I met C. S. Lewis (through his stories) when I was around four or five years old. I just turned forty a few weeks ago and I’m still meeting Lewis after all these years. He seems to me to be an author you discover, rediscover, and then rediscover again. How many times I’ll re-meet Lewis I don’t know yet. When I’m dead you can count them up for posterity.
My first encounter was through that old 70s animation of The Lion, The Witch, and The Wardrobe that they used to air every Christmas season along with Rudolph and Frosty and the rest. It was a great Christmas story, what with the ‘always winter and never Christmas’ scenario. But what really hit me was that young schoolchildren just a little older than me got to take up medieval arms to aid fabulous creatures like centaurs and talking beasts in battle with forces of evil. I mean, I really wanted a sword and shield from Father Christmas like Peter and Edmund got! The other thing was that scene with all the scary creatures taunting Aslan as he was about to be executed. It was surprisingly horrifying to my young eyes, despite the corny Schoolhouse Rock animation style. I loved monsters from as young as I can remember and this story provided them on the side of both good and evil.
When I was home sick with a fever for two days in second grade, my dad gave me a copy of the book the animation was based on to read. I finished it in those two days and my dad and I had a nice chat about its allegorical themes. I read and loved more volumes in the Chronicles of Narnia during grade school (my favourite theme, I think, was the travel by unsuspected portals from this world to another), but my next major meeting was in reading The Screwtape Letters. I read the thing twice before I was thirteen. I think I hardly understood a word of it, but it enthralled me. It was both sinister and comical, though in ways I couldn’t really comprehend. It was all feeling and impression reading that book. But it stuck with me. Way under the skin.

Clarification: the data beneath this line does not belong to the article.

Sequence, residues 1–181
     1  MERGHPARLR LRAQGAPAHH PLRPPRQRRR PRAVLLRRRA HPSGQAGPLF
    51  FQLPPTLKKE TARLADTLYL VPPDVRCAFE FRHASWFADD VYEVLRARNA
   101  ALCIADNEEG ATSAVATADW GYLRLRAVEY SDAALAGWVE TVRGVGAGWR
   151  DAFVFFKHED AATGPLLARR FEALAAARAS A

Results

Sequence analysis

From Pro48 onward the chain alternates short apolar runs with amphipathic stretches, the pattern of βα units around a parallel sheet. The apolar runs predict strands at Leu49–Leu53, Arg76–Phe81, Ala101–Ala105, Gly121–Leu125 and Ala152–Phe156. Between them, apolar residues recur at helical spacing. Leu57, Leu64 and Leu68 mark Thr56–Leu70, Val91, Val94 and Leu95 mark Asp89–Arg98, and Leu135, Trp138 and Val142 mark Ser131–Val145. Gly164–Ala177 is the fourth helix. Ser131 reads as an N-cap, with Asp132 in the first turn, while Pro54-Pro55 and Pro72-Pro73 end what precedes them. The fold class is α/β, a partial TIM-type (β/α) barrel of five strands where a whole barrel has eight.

Then came a formative moment in my life. Eighteen years old and freshly graduated from high school (a small miracle for this underachieving student), I picked up my dad’s copy of Mere Christianity. I’d been living a very rich imaginative life all along, but aside from some dabbling essays in English Literature in junior and senior year, I hadn’t really pursued anything consciously intellectual. So Lewis’s classic of pop-apologetics blew up in my mind and sent it spinning and expanding into a newly formed cosmos of intellectual life. (Only this moment do I recall that I almost immediately started trying to jot my own philosophical musings into a notebook – soon misplaced and never recovered I’m glad to say.) I had no idea the Christian faith I felt beating in my breast had such meat for my mind also. (I did actually, but it was implicit – Lewis’s writing helped make it explicit.) I also read the opening chapters of Miracles right after that and its main influence on me at the time was to place all the magic Lewis had enriched my childhood with into an intellectual framework that made it not merely a cheat, a diversion, an escape, but rather a window into reality, another unsuspected portal. This put me in true awe. The otherworldly was real! (Christians, of course, ‘officially’ believe this already. But they don’t really believe it sometimes, and then when they at last do–really–it’s gobsmacking.) Lewis was already helping me marry mystery and reason. Both my intellect and my sense of wonder were on gleeful overload.